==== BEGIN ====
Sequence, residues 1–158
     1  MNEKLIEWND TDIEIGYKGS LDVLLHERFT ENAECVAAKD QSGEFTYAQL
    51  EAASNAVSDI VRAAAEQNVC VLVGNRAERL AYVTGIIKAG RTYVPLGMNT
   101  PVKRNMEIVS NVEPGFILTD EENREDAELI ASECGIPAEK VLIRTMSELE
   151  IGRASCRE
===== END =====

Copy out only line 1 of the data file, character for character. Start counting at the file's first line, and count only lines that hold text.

Sequence, residues 1–158